The Georgia Department of Health said the dust cloud is expected to hang around on Saturday for the next few days, and people, especially people with chronic lung disease, should protect themselves.
It is normal for Saharan dust to reach the US every hurricane season, but this year’s cloud is historic, forecasters said. According to health authorities in Georgia, the dust is the densest in 50-60 years.
Air quality warnings related to dust are being released in parts of the Ohio River Valley, the Middle Atlantic and the Southeast, CNN meteorologists said on Sunday.
The dust can cause eye, nose and throat irritation, and wheezing in allergy sufferers or asthma.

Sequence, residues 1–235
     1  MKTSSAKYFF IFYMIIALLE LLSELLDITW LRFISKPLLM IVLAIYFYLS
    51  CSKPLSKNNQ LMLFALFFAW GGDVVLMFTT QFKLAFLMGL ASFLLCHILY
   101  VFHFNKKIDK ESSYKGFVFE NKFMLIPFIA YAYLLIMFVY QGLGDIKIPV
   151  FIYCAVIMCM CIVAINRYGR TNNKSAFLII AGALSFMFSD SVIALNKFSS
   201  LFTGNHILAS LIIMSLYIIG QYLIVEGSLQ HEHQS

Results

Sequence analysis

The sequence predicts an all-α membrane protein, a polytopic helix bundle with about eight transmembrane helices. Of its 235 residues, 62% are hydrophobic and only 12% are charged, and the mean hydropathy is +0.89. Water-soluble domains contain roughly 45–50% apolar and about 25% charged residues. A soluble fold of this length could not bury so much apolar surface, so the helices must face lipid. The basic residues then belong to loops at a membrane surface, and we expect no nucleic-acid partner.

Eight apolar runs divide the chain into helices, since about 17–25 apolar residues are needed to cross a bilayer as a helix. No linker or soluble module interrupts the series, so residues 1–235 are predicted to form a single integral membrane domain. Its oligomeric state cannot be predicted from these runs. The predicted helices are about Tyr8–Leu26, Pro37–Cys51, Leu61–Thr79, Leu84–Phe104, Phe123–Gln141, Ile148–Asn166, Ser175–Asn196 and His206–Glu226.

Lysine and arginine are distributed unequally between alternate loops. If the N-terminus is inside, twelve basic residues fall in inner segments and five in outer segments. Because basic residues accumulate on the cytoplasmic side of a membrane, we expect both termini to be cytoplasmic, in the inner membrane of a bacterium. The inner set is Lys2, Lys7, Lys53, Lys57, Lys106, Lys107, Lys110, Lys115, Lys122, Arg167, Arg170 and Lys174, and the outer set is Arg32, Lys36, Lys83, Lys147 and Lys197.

Health officials in Georgia asked residents to limit their time outdoors if it appeared dusty or hazy. Indoors, residents should keep windows and doors closed and operate their air conditioning with the fresh air inlet closed.
Another round of Saharan dust is expected to hit areas in Texas and the Gulf Coast of Louisiana mid-week, CNN meteorologists said, but it won’t be as dense as the cloud currently affecting the southeast.